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The contemporary family of today cannot be defined as a nuclear family consisting of a mother and father and children. Families come in different sizes, different ways, and many consist of one parent. Single parents are no longer defined in only one singular category. Single parents come from varied backgrounds, generations, and socioeconomic settings. Single parents can be categorized in four broad categories that define and more accurately refine the way in which they became single parents: widowed, divorced, through adoption, and child out-of-wedlock. Each of these categories will be defined below.

As single parents now make up nearly 40% of all parents in America, the local church needs to consider this statistic. A healthy and growing church that reaches families should reflect its local community’s demographics of its local community’s demographics. This should result in a church that incorporates single parents of all categories and whom have children in preschool, elementary, middle school, and high school.

Ministerial staff need to understand their local church should reflect the demographics around them to include single parents. The result of this reflection is building a discipleship platform of which a single-family home can participate in the same way as a nuclear-family home. This includes curriculum, finances, and time commitments that have often been geared towards a traditional family with two parents present.

The first category of single parents are single mothers/fathers by divorce. In the United States, the divorce rate fluctuates around 50% for all marriages. It is very hard to find a reliable statistic for this information as many surveys collect data differently. So Table for One Ministries will average those findings to 50%. Of those divorces, one statistic is for certain–the average age for a first divorce is 30 years old.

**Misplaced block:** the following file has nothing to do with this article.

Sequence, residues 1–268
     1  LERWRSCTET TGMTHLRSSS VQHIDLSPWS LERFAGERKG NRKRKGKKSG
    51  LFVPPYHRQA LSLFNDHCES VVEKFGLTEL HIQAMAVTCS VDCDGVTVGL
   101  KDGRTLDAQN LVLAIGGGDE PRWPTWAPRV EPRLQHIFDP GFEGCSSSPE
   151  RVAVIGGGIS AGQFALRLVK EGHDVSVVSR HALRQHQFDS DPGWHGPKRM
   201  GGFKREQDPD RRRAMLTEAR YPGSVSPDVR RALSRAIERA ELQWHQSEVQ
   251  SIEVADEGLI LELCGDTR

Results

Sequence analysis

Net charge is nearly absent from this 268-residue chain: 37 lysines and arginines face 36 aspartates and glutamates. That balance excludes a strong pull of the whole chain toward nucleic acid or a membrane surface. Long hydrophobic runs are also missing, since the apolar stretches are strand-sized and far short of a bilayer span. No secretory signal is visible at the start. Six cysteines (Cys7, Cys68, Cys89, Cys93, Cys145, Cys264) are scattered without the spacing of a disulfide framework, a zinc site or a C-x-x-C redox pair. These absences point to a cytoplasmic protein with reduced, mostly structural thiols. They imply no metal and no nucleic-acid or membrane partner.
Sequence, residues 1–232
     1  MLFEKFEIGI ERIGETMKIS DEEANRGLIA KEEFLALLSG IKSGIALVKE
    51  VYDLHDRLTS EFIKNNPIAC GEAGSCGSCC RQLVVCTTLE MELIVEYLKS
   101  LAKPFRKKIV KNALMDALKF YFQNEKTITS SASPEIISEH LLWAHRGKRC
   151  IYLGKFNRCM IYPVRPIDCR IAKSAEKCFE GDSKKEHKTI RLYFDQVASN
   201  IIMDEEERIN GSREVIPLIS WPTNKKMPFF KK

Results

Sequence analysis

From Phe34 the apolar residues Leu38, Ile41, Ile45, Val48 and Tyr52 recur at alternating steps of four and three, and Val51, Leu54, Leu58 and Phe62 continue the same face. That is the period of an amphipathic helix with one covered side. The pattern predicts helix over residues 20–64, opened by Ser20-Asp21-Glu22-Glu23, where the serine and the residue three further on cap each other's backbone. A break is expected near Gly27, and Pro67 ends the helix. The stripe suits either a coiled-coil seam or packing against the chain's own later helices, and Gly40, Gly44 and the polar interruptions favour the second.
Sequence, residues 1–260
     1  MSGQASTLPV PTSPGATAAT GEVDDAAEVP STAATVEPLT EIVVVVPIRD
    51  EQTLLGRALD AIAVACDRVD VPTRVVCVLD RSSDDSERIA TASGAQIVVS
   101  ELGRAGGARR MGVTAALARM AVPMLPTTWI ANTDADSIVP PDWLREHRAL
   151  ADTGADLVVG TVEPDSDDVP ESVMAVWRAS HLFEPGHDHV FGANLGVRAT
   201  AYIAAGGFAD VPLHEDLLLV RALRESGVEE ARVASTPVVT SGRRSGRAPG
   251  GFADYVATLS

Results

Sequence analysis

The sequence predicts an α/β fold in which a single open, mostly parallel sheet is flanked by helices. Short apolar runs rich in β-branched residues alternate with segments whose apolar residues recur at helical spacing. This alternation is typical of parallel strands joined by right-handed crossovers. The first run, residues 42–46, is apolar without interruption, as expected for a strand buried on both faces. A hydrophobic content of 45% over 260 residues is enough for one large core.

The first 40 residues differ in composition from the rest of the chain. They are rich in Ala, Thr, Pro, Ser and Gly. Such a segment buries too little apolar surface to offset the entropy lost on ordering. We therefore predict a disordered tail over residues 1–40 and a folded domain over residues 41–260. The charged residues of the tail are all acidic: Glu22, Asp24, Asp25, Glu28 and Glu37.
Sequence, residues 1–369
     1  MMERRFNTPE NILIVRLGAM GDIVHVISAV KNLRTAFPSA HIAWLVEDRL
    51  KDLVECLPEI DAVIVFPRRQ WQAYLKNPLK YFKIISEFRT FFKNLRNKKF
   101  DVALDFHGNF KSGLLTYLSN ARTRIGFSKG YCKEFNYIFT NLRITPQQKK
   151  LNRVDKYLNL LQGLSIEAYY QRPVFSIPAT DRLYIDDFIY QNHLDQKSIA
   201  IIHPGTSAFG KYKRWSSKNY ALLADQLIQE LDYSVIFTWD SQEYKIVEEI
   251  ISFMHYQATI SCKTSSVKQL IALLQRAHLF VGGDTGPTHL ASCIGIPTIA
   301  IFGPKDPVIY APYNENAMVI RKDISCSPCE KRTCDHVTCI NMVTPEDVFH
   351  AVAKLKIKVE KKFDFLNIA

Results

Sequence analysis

Secondly, single parents are defined as being a single mother/father by being widowed. The average age for the widowed is now 57 years old, meaning it is not just elderly who are widowed. Single parents are widowed as well.

Single parents are thirdly defined as single mother/father by child out-of-wedlock. With the average age for marriage rising to 29 for men and 27 for women, and the rise of socially-accepted sexual relationships, it is again easy to see just how many parents fall into this categorization. Furthermore, almost 14 million unmarried parents live alone with their children–10 million mothers, 1.7 million fathers, and 1.9 million couples.

Lastly, single parents are defined by single mother/father by adoption. Adoption can come in many forms and event countries. Single parents who adopt may do so from the foster system, a known relative in need, or by surrogate. On the rise in this category are same-sex attraction couples who are Biblically single and looking to have a family. Same-sex attraction couples amount to 3% of the general population, but are increasing their adoption rates. The key principle to apply in the local church is not all single parents became so by sinful actions. Some make a conscious choice by loving a child through adoption.

Single parents are not just mothers and fathers. In fact, over 820,000 grandparents are the primary caregivers in a child’s life in America, a statistic that is rising. People affected by single parents are everywhere. Single parents may include a broken family from a sixteen and pregnant female to the person in their forties whose spouse abandoned them and their children. Custody battles are often drawn out and expensive, with little positive results, leaving children who are hurting and looking for a place to be loved.

Every church community is affected by single parents, and churches need to create environments where the single parent and the children raised by single parents can be reached. So how does your church create welcoming environments for this wide variety of single families?

Same-Sex Attraction Singles are in YOUR Church

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In the Christian community we often find “super sins” that the majority of believers find to be so offensive that they are unwilling to reach out to anyone who has committed them. Homosexuals are often placed in this category of “super sin.” Many believe that the person with such an open sin against God cannot know God while struggling with or acting on that sin. Are these sins really so offensive that one cannot find God or even be a Christian and commit them or have committed them in their past? Is the same-sex attraction lifestyle one that it is not worth reaching unless a person has fully turned from that life to enter the church? Table for One Ministries asserts that church members are quick to welcome drug addicts, alcoholics, adulterers, even murderers before openly welcoming homosexuals. We at Table for One could not disagree more with this attitude of focusing on one sin differently than others.